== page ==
What BBNaija says about the Nigerian Mind

BBNaija

A few weeks ago, I got a call from Multichoice, the cable TV provider.  My subscription had expired several weeks earlier and I had not renewed. 

The agent who called was eager to know when I would likely renew.  In a bid to persuade me to promptly reactivate my account, he started mentioning some programmes I was ‘missing out’ on.  And the first one he mentioned was Big Brother Naija.

And it was logical to mention this programme. After all, it is a widely popular show,  especially among Nigerian youth. Big Brother is a global reality game franchise which originated in the Netherlands. As at September 2019, there have been 448 seasons across 54 countries. Thus this is a global phenomenon.

The Nigerian version also has a huge following. It has 532,000 followers on Twitter and about 148,000 subscribers on its YouTube channel.

However, the wide appeal of this reality show is troubling. And that is because, like every other cultural product, it reveals the state of a society’s  mind.

My concerns are threefold.

It exposes our obsession with material wealth

A major fascination about the programme is the huge amount to be won by the winner. For the current season, this is a cash prize of N30 million along with other prizes. According to the website, “many of the housemates go on to pursue careers in entertainment”. When the primary motivation for what we do, the activity we engage in, or the career we pursue is money and/or fame, it signals the moral problem which 1 Timothy 6:9,10 address.

It displays an endemic sexual permissiveness in our culture 

Many will recall the interview of a lady which went viral in February 2019. When quizzed about her view on  concerns by many about the show’s immoral content, she simply remarked:

I don’t care… What matters is my spiritual life…if I’m serving God you won’t know…After all, I’m not a virgin…I don’t mind. Any nasty thing I will do. All I know is I need that 25 million naira.

From previous editions, there have been cases of housemates (as the contestants are called) engaging in intercourse. Footage of a party held also revealed sexual acts.

It uncovers the mindlessness in our society

It is mind-numbing to derive pleasure from a group of people merely living together, ‘gisting’, engaging in tasks together, partying, and of course, engaging in a number of romantic scandals. It reveals the mind of a people that thrives on the trivial. There is no art, no real story, nothing which truly enriches the soul. And this in a country with an unemployment rate expected to reach 33.5% by 2020.

Some have called for a ban on the show. While that might be necessary, I doubt the effectiveness of that step. Cultural products are accepted because people love them. People enjoy the show, despite what many will admit in public. Thus we have a deeper problem that a ban will not resolve.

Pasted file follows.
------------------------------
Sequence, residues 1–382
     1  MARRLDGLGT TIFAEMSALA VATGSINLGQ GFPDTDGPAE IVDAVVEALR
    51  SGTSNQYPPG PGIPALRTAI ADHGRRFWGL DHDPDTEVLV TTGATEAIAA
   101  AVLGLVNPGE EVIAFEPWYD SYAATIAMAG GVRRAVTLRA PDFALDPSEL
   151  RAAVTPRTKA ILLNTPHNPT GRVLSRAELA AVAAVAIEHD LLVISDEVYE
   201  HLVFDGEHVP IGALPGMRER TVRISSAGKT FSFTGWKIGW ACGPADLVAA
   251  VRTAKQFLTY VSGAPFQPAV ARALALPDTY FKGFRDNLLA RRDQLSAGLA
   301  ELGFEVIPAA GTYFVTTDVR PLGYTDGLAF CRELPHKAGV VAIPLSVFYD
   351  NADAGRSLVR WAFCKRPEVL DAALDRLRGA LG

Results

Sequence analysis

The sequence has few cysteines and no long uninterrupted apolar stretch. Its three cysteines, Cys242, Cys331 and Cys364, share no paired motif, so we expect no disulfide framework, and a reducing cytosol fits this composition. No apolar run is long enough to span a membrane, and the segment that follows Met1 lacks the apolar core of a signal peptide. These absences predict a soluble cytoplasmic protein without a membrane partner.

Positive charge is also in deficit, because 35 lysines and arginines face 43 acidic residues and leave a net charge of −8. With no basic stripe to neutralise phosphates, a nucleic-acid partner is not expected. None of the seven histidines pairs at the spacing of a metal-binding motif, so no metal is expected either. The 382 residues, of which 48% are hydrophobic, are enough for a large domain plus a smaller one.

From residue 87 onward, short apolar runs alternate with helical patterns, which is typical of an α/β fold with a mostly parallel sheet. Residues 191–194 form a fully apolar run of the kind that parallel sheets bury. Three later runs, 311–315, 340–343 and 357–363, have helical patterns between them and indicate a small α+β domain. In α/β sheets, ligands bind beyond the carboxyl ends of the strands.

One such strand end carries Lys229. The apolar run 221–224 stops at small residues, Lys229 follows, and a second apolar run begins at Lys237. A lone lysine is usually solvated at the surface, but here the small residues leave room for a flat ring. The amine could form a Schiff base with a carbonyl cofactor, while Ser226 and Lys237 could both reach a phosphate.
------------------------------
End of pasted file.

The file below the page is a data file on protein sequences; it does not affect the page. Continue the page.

How can we present to our youth (which includes me) a bigger vision of life? Who will paint a picture of reality that is more compelling than one drenched in sloth, sex, and pleasure? Who will capture the mind of the Nigerian and direct it to true accomplishment? BBNaija fits into the narrative which the wider Nigerian culture has woven over the past five decades: “Life is about pleasure. You are nothing without money. Youth is for maximizing sexual delight. Marital commitment is a lie”. And the poor leadership and godless preaching all around us further worsen the moral decay.

What can we do?

How can we get back on track? I believe we need a number of things.

First, we need to recover a vision of life that is rooted in the truth about God, about humans, and about our world. We need the truth about how God has made every single human valuable and dignified, despite sex, money, or power. We need the truth on how God saves us from our sins and guilt through self-giving love, and makes us his own children through grace. And we have to recapture that ideal of loving God and loving our neighbour as ourselves.

We need parents who genuinely believe this truth and will model it in their homes before their children. 

We need employers who will cherish this vision of life and will create workplaces that throb with love, respect, and excellence. 

We need public office holders who understand true leadership, after the example of God himself, and will bury the idols of power and prestige, demonstrating faithful service out of reverence for God. 

And we do need young men and women who will learn from a divine 33-year old exactly what the purpose of life is. And I pray they will not only follow his model for life, but would have first cast themselves upon this Saviour for the grace of mercy and the gift of righteousness.

I believe there is much more we can do, but we must begin here.

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